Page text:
The STRONGER (Support Technology & Research for Our Nation’s Growth and Economic Resilience) Patents Act of 2017 was recently introduced in the Senate by a bipartisan group led by Senator Chris Coons (D-Del.) and co-sponsored by Senators Tom Cotton (R-Ark.), Dick Durbin (D-Ill.), and Mazie Hirono (D-Haw.). According to a press release by Senator Coons, “[t]he STRONGER Patents Act seeks to strengthen the U.S. Patent system through implementing measures to make it easier and less costly for patent holders to enforce their patents.” The “Act is based on legislation that Senator Coons introduced last year with the goal of making the post-issuance proceedings before the Patent Trial and Appeal Board (PTAB) more fair and efficient.” The bill asserts that “unintended consequences of the [AIA] are continuing to become evident, including the strategic filing of post-grant review proceedings to depress stock prices and extort settlements, the filing of repetitive petitions for inter partes and post-grant reviews that have the effect of harassing patent owners, and the unnecessary duplication of work by the district courts of the United States and the Patent Trial and Appeal Board.”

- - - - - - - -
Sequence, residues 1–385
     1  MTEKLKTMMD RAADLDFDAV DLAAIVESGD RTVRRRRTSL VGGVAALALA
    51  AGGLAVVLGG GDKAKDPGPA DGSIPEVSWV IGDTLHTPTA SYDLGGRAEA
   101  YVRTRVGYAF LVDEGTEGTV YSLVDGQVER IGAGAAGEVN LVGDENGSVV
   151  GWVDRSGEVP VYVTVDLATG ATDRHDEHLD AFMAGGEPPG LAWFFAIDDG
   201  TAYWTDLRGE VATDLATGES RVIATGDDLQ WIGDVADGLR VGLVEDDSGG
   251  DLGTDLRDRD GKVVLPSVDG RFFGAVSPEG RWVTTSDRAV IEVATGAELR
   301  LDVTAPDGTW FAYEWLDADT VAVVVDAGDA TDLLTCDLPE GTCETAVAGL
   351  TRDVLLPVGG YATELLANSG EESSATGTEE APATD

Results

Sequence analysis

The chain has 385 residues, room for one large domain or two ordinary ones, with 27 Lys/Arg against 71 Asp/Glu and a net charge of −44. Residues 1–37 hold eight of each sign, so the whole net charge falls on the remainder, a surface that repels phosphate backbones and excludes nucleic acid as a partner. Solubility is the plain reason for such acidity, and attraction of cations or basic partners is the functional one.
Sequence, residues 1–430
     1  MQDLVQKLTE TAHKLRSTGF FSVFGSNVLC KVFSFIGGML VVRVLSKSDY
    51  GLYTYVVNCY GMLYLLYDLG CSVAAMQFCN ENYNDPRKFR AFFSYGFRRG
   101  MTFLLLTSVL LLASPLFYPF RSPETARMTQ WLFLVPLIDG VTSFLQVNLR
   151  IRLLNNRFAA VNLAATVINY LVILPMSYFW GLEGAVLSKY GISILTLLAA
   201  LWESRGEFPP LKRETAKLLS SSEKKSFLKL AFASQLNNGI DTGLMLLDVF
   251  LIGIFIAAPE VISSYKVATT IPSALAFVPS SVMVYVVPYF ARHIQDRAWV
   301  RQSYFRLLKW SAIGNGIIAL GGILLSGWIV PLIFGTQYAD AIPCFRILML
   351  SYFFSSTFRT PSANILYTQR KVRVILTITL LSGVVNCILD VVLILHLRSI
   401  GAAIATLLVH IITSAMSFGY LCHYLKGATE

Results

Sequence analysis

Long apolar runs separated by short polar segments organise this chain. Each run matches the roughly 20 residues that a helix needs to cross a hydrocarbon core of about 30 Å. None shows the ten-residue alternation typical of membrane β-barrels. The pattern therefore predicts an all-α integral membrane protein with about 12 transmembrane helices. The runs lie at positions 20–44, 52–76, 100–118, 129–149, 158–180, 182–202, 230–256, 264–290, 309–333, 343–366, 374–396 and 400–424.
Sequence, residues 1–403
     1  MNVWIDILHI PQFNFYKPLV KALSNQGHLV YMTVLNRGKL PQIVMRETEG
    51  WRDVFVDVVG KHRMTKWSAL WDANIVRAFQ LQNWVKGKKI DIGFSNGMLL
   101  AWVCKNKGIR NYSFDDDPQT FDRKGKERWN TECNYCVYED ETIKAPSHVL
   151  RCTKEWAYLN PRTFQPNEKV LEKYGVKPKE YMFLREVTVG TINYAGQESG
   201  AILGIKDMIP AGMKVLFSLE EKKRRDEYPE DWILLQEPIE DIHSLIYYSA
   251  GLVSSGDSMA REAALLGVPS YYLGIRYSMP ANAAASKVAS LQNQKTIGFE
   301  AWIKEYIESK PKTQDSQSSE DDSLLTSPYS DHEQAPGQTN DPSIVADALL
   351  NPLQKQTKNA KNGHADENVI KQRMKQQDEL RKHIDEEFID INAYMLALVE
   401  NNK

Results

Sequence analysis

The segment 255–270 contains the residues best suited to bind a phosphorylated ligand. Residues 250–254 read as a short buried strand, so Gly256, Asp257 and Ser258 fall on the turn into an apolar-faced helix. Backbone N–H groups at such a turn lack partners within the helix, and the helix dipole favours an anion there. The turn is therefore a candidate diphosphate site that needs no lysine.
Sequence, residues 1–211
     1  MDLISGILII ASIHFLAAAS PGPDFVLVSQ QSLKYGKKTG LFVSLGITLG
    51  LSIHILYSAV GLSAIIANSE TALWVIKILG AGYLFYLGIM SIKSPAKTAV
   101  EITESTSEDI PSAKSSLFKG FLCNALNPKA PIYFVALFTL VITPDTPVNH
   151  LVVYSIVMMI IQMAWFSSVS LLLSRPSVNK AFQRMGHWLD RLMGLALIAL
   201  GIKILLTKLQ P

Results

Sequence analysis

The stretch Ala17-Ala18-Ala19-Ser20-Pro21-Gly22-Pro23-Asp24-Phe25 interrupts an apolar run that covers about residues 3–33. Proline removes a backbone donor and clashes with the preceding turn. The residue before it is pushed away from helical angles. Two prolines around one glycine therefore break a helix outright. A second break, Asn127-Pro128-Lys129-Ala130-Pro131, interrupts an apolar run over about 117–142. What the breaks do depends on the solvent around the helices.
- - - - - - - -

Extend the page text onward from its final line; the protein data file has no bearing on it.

The following table illustrates several key changes proposed by the STRONGER Patents Act compared to the current PTAB practice under the AIA.

Click here to view the table. 

The STRONGER Patents Act has been favorably received by several industry groups including the Medical Device Manufactures Association (MDMA), which issued the following statement:

MDMA applauds the bipartisan work of Senators Chris Coons, Tom Cotton, Dick Durbin and Mazie Hirono for devising legislation that thwarts frivolous patent lawsuits while leveling the playing field for inventors. The ‘STRONGER Patents Act’ provides a balanced, targeted approach to end abuse, support innovation and spur the lifesaving cures and therapies that patients and providers desperately need.

MDMA has always supported targeted efforts to deal with patent litigation abuse, and the ‘STRONGER Patents Act’ will address this problem while not having the unintended consequences of weakening one’s intellectual property rights. We look forward to working with Congress and all policy makers to help ensure that America’s innovation ecosystem remains the envy of the world.”

Practitioners and corporations frequently appearing before the PTAB will be interested in how this bill progresses through Congress as the outcome of this legislation will likely have a significant impact on PTAB practice.